The doctrine of sola Scriptura reminds us that attempts to hear from God that bypass the gospel of Jesus Christ are idolatrous acts, and such attempts only distract us from the centrality and sufficiency of the gospel. God has provided His people with various means through which the power of the Word can be revealed, but the paradigmatic significance of the Word should be repeatedly affirmed.

With the sufficiency and significance of the Word as the foundation, Pao points to various roles used in the hearing of the Word and the revealing of its power: (1) the role of the Spirit in the illumination of the Word; (2) the role of the community in faithfulness to the Word; (3) the role of prayer in worship through the Word; (4) the role of wisdom in the appropriation of the Word; and (5) the role of divine intervention in the fulfillment of the Word.

Pao concludes with an example in the Word illustrating these “five ways God speaks to His people through His Word.”

In Acts, Luke describes how the Holy Spirit called the church to send Barnabas and Saul as messengers of the gospel message (Acts 13:2). After confirming this call through prayer, the community responded by being obedient to this call (Acts 13:3). Throughout his missionary journeys, Paul used the wisdom granted to him to plan his itinerary. At times God did intervene by prohibiting him to preach in certain areas (e.g., Acts 16:6-7) and by redirecting his itinerary through visions (e.g., 16:10).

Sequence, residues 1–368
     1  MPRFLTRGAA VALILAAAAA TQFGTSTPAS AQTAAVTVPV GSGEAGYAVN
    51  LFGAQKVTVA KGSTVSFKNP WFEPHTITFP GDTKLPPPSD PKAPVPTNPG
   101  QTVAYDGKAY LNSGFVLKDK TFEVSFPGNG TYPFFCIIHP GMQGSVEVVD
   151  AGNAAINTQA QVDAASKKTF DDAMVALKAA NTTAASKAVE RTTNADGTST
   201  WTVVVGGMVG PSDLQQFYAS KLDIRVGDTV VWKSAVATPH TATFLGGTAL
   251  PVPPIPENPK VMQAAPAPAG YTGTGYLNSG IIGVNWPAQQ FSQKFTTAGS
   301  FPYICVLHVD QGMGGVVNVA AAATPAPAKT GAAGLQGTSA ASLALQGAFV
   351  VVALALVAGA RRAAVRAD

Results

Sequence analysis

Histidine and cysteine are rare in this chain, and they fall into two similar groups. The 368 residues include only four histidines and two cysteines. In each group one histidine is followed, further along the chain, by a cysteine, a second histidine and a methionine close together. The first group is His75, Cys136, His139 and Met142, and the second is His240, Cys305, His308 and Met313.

Behind these various means lies the wider plan of God that centers on the work of Christ, who Himself called Paul to be “[His] chosen instrument to carry [His] name before Gentiles and kings and the people of Israel” (Acts 9:15).

This plan was firmly grounded in the Word, as Paul fulfilled the promises contained in the words of Isaiah: “I have appointed you to be a light for the Gentiles, to bring salvation to the ends of the earth” (Acts 13:47; cf. Isaiah 42:6; 49:6).

This example serves us well as we seek to hear the voice of God through various means that are grounded in and mediated through the Word.

Three concluding thoughts.

First, this is an excellent biblical and theological primer on the Bible, understanding God’s Word and how we understand and live by it today.

Second, I encourage you to read it, then share it with fellow leaders to read and discuss.

Finally, in our day when the Word of God and its authority and sufficiency are theologically affirmed and/or assumed but practically questioned and/or undermined especially when seeking to discern how God speaks personally to me, understanding God’s Word and our relation to Him through it is vital for the spiritual health and vitality of the Christian life and the church.

 

Greg Strand

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Affectionately called “Walking Bible” by his youngest daughter, Greg Strand has a ministry history that goes back to 1982. Since that time, he has served in local church ministry in a variety of ministry capacities: youth pastor, associate pastor of adult ministries and senior pastor. He is currently the EFCA's Executive Director of Theology and Credentialing. Greg reads voraciously and never stops learning — a passion reflected in the overflowing bookshelves that spill from his library to multiple offices. And he could tell you about each of those books! His hunger for learning pales in contrast to his great love for God and for teaching the Word of God.